News of the appointment of the next Bishop of London, Sarah Mullaly, has come as an early Christmas present for some in that diocese. For others it appears to have come as a shock and a distincly unwelcome gift. No doubt, though, they will find a way of living with the latest new reality, some by emulating the Bishop of Horsham and discovering they were wrong all along, others by drawing yet another line in the sand as they retreat up the beach, back towards an unyielding cliff face.
When the Ordinariate of Our Lady of Walsingham was established, many of us who took the opportunity given us by the Holy Father were surprised. Friends who had previously declared themselves staunch Anglo-papalists discovered reasons why it was impossible for them to make the leap just now. In a year or two, when conditions in the Cof E became unbearable, they would jump, but not just yet. There was the children's education to consider, or the wife's work, or the need to build up a larger pension. Few admitted that their incumbency was too comfortable just now, or that they might have to amend their lifestyle.
As an Anglo-Catholic I had taught and believed that the Church of England was what it claimed to be, 'part of the one, holy, catholic and apostolic church' and that our task was to persuade the rest of the C of E that this was the case. Even when the ordination of women to the priesthood happened, we convinced ourselves (because we were told it constantly) that this was an experiment which could be reversed in future.
Since then the Church of England has been challenged with many other developments in society, easy divorce, abortion on demand, the Royal Family not just tolerating but celebrating adulterous relationships. and now the ability for anyone to change gender at will. Soon more in the Church of England will be celebrating same-sex 'marriages'. Yet it seems nothing will convince those who still call themselves Anglo-Catholics that the game is up, that there is no catholic future within the established church. What once seemed a local expression of the Universal Church now is quite clearly an utterly erastian, protestant body, sometimes dragging its feet but in the end determinedly copying society in the vain hope of appealing to the masses. A 'catholic' sect, a society for those who like that sort of thing, might be permitted for another year or two, before it is crushed under the weight of the zeitgeist and political correctness. The treatment of Philip North over Sheffield was not a one-off aberration; it is destined to become the norm, despite Philip Mawer.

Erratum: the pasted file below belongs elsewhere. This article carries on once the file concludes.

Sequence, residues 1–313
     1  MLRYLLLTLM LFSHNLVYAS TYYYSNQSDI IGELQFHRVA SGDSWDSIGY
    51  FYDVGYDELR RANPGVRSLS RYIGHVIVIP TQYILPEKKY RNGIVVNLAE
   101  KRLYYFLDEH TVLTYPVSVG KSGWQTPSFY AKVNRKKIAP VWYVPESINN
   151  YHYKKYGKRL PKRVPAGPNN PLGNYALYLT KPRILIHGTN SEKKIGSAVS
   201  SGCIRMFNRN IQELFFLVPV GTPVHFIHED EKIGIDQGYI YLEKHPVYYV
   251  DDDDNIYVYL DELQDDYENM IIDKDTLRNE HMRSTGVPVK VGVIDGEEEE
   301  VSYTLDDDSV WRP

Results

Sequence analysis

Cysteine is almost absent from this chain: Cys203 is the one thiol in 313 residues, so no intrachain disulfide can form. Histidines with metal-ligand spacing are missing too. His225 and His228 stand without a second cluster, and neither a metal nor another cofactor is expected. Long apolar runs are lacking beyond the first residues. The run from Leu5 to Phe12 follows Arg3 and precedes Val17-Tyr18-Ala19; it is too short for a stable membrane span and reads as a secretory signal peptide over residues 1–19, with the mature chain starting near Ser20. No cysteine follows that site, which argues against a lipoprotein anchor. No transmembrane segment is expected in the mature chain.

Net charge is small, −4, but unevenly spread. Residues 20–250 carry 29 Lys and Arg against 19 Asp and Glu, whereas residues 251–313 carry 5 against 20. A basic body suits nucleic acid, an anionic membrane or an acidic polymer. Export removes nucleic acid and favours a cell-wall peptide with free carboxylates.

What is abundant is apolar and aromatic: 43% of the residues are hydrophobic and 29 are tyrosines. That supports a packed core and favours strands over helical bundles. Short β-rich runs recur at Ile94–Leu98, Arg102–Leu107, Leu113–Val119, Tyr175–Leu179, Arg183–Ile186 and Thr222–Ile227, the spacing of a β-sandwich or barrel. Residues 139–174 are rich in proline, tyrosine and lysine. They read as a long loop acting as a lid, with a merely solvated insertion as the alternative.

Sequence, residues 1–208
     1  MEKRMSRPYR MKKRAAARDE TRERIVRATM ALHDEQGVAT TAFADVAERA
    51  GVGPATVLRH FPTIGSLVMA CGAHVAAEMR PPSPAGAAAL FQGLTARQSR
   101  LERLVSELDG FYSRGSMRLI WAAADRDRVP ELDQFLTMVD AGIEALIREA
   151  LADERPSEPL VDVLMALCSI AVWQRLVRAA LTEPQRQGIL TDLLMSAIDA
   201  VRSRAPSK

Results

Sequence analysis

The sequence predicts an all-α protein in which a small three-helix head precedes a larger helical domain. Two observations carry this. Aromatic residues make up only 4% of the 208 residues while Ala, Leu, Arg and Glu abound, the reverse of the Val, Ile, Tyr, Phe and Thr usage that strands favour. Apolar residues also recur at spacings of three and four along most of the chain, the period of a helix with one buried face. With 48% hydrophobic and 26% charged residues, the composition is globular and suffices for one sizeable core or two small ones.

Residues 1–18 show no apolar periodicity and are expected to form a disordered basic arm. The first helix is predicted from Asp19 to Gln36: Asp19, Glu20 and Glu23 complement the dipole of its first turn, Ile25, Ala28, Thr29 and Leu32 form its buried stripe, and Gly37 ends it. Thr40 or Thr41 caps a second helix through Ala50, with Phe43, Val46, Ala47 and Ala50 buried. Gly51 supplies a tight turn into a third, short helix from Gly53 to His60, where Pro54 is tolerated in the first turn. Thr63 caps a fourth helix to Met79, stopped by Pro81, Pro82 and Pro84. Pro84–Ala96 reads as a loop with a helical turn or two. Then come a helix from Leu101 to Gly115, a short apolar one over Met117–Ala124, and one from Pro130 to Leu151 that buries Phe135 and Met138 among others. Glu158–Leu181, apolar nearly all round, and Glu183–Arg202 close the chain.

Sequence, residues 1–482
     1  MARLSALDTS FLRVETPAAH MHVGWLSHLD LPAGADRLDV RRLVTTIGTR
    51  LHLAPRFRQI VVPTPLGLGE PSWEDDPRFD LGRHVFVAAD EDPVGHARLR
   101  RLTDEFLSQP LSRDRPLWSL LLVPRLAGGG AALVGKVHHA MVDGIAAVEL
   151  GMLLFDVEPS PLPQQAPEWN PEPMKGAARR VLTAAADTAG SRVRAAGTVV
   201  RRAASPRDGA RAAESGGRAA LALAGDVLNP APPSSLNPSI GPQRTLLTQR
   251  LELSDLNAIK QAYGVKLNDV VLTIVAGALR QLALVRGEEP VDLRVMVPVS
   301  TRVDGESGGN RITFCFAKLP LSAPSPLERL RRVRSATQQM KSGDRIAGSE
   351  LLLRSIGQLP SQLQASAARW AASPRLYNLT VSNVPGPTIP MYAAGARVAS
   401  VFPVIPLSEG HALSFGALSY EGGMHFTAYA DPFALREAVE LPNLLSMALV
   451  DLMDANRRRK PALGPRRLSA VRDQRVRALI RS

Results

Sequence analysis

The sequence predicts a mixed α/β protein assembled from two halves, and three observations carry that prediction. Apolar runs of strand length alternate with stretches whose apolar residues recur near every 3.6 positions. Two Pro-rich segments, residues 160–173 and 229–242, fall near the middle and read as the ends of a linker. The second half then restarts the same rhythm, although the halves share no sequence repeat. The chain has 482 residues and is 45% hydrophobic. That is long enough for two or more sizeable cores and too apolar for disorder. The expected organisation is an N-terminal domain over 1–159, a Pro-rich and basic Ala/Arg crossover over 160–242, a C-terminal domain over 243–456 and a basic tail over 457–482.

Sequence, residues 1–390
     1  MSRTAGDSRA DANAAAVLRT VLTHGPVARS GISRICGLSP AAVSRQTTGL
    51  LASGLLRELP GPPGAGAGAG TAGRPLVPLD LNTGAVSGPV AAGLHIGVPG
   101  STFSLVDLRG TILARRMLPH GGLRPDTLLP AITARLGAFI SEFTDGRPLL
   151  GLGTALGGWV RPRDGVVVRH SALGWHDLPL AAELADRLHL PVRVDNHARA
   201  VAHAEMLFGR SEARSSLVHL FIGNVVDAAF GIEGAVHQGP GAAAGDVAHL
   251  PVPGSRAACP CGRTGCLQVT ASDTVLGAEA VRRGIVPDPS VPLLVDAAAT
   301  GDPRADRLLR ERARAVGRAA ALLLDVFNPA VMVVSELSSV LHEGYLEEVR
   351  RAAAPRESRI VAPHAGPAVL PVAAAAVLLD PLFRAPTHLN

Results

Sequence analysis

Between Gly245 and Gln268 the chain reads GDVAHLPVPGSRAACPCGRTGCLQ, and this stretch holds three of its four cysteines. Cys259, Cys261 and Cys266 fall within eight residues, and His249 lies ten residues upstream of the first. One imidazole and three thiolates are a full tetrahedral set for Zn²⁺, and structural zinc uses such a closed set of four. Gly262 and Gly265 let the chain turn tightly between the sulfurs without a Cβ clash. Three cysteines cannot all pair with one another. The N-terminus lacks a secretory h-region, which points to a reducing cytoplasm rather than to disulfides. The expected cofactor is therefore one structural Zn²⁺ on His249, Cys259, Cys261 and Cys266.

There is no joy in writing this. I recall a church which could once claim to be stupor mundi, a scholarly compassionate body which was founded on the Apostles and the ancient Fathers and was prepared to speak the truth to power. Ichabod, the glory has departed. So why will anyone with integrity still try to prop up this decaying corpse?
Thank the Good Lord for the new springtime of the Church, for Pope Benedict and his foresight in enabling the Ordinariates to happen, and for the Catholic Church which has welcomed home so many of us who were feeling bereft. There is still time for the rest of you; don't leave it too late. The message of Advent has never been more appropriate ... "while it is still today".
There have been two movies in two years concerning Dunkirk. The Anglo-Catholics should take notice. Hold your ground, and we, on the far side of the Tiber, will rescue you.ReplyDelete
Ellie, I note your surname (assuming that it really is. You're not joking, are you?? Well, guess what? The true successor to the throne is the Australian catholic Plantagenet claimamt.ReplyDelete
Possibly those still holding to the increasingly dismal hope that there will be some sort of mass movement to Rome, will have to acknowledge that any such movement will be up to individuals. In both sentiment and fact, the English church is full on Protestant (and according to Roman Catholic theology has been since Edward VI), and those wishing to be catholic, need to make the decision now. Hanging on for a pension seems just a bit crass.ReplyDelete
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